Academic journal article Consciousness, Literature & the Arts

Chapter 2: Brecht's Ethics of Praxis

Academic journal article Consciousness, Literature & the Arts

Chapter 2: Brecht's Ethics of Praxis

Article excerpt

I came to the cities in a time of disorder

When hunger reigned there.

I came among men in a time of revolt

And I rebelled with them.1

2.1 Introduction

Brecht was many things-playwright, poet, lyricist, director, philosopher, etc. However, for Brecht these roles were not disparate. While doing them, he was directing the world toward a new social order and attempting to facilitate the advent of universal human emancipation2. Brecht's whole professional life and much of his private life as well was devoted to ending social antagonism and the emancipation of humanity from material suffering. What made him the 'difficult phenomenon' that Benjamin called him was that nearly his whole life and everything he did constituted either a praxis element or theory element of his complex social philosophy.

One difficulty of Brecht's work is locating an ethics in it. His epic theatre was not interested in moralizing. True, Brecht himself referred many times to the instructive nature of epic theatre; but, Brecht never intended epic theatre to instruct its audience in moral behavior. As Brecht himself says, "[m]any people...attacked the epic theatre, claiming it was too moralistic. Yet moral utterances were secondary in epic theatre. Its intention was less to moralize than to study [society]" (Brecht 2000: 26) [c. 1936]. This is not to suggest that there was no ethical imperative to the epic theatre, though. Instead of presenting moralistic arguments, Brecht designed epic theatre to alter the Weltanschauung of the audience. This constituted the ethical imperative of his theatre. This was critical for Brecht because by altering the audiences' Weltanschauung he was trying to create the necessary conditions for human emancipation. Epic theatre, then, was ethical not in its text but in its agenda (i.e. creating the necessary conditions for human emancipation). In this way, we can say that Brecht's ethic was an ethic of praxis in the Marxian sense.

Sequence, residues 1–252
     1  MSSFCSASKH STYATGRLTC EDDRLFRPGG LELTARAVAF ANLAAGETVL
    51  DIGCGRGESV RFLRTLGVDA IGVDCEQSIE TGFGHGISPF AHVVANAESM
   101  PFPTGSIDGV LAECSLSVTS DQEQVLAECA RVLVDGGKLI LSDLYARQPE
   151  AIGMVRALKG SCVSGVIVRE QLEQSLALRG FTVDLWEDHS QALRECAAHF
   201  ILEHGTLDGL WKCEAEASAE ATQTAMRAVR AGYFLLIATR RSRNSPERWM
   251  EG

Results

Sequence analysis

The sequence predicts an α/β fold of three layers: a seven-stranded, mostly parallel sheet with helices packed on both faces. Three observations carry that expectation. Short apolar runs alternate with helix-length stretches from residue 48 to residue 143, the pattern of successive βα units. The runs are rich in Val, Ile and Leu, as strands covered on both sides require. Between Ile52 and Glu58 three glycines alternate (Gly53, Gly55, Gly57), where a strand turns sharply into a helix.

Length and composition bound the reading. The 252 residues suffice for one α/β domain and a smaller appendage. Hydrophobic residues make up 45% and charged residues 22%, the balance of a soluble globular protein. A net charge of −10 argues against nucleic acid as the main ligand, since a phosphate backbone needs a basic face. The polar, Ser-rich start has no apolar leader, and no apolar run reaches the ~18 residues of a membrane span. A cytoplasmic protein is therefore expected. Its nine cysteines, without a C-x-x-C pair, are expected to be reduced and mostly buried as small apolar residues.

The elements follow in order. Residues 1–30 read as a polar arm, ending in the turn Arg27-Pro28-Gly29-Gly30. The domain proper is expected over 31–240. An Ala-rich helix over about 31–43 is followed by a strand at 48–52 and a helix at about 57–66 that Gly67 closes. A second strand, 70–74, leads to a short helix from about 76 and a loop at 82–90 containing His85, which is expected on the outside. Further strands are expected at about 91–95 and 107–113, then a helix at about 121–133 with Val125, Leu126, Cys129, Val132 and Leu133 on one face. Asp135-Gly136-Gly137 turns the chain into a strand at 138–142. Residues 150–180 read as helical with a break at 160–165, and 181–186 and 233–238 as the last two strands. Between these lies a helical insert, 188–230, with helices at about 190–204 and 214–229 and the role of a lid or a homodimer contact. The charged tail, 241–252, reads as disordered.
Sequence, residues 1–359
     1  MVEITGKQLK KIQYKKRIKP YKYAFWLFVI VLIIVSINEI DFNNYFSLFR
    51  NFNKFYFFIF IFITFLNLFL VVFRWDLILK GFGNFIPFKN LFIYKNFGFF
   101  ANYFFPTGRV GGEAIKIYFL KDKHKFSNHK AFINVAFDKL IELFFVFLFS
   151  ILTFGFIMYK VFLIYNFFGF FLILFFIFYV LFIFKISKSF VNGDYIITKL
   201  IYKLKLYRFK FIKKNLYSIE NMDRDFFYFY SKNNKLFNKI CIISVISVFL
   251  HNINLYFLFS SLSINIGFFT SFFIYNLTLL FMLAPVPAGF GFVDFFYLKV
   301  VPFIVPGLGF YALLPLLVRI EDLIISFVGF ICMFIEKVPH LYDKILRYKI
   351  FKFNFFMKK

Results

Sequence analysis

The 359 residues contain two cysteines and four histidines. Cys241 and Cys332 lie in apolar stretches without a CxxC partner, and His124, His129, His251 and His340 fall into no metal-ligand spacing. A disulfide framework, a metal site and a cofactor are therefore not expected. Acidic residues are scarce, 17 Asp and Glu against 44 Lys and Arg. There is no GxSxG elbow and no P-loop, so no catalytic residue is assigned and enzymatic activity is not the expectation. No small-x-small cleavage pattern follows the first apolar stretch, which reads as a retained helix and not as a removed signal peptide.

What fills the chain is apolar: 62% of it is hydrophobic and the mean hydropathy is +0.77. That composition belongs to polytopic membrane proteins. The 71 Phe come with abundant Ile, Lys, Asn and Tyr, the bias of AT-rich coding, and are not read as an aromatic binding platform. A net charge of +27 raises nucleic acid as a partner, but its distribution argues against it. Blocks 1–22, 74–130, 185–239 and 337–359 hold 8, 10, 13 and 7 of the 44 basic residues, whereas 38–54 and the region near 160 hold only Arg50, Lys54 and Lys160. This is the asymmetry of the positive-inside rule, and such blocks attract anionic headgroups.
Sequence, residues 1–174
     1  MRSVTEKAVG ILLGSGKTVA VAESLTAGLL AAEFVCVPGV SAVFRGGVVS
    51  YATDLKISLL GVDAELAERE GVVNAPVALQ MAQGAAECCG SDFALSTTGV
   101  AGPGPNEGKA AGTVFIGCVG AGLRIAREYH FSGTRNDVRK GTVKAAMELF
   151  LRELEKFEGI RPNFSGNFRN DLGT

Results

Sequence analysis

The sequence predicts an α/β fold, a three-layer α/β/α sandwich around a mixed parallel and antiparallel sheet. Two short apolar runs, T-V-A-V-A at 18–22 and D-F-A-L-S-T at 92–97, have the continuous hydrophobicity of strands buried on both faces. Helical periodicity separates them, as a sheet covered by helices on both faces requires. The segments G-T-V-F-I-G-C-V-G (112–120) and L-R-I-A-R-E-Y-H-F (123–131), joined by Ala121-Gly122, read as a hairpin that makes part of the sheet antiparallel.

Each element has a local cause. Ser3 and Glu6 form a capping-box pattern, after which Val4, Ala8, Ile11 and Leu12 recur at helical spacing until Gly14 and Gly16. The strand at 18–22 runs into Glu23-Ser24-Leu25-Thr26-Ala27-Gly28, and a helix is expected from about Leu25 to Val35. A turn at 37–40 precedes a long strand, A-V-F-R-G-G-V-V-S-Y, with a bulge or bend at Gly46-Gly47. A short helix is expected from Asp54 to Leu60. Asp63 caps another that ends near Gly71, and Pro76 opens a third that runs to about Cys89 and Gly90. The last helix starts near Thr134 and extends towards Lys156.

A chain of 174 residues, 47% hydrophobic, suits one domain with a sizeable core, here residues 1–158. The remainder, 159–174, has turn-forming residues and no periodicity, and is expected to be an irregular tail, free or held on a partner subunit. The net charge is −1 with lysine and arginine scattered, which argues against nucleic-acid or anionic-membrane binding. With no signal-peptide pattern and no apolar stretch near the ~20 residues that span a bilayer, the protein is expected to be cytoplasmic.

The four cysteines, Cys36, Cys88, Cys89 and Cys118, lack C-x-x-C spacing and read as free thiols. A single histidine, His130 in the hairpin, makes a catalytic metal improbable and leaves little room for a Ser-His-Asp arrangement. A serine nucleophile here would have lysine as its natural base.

This chapter seeks to draw Brecht's aesthetic theory into the larger discourse of Marxian praxis philosophy and social and political philosophy more broadly. In it, I will argue that Brecht's thought constitutes a Marxian philosophy of praxis and outline the specifics of his praxis-theory in order to demonstrate that the entire project of epic theatre was deeply rooted in Brecht's ethical concern for human emancipation.

2.2 Marxian Praxis-Theory

Marxian praxis-theories (or philosophies of praxis) are philosophies where Marxian theory is practically applied to one's actions. They are philosophies where Marxian theory directs one's actions. That is, Marxian philosophies of praxis are philosophies where progressive (i.e. materially emancipatory) action (understood in Marxist terms) forms a central tenet of the theory. Specifically, Marxian philosophies of praxis posit some form of action as being necessary for the fulfillment of the theory. They stress the necessity for some action to occur in order to ensure that the predictions of the theory come to fruition.

As Haug (2001) points out, the concept of Marxian praxis-theory can be traced back to Marx himself. In its simplest form it is found in the often quoted "Theses on Feuerbach" where Marx states that "philosophers have only interpreted the world, in various ways, the point, however, is to change it" (Marx, Engels & Tucker 1972: 109). Although this work was not published during Marx's lifetime it nevertheless became an influential aspect of Marx's thought for twentieth century Marxists. This influence was evident in Italian Marxism. Antonio Labriola, for example, was the first to use the term "philosophy of praxis" calling it the "nucleus of Historical Materialism" (Haug 2001: 69). It was elaborated by Antonio Gramsci who advocated for counterhegemonic action intended to destroy the so called 'commonsense' understanding of subaltern social groups. This 'commonsense' understanding is quite similar to Brecht's notion of the working class Weltanschauung. …

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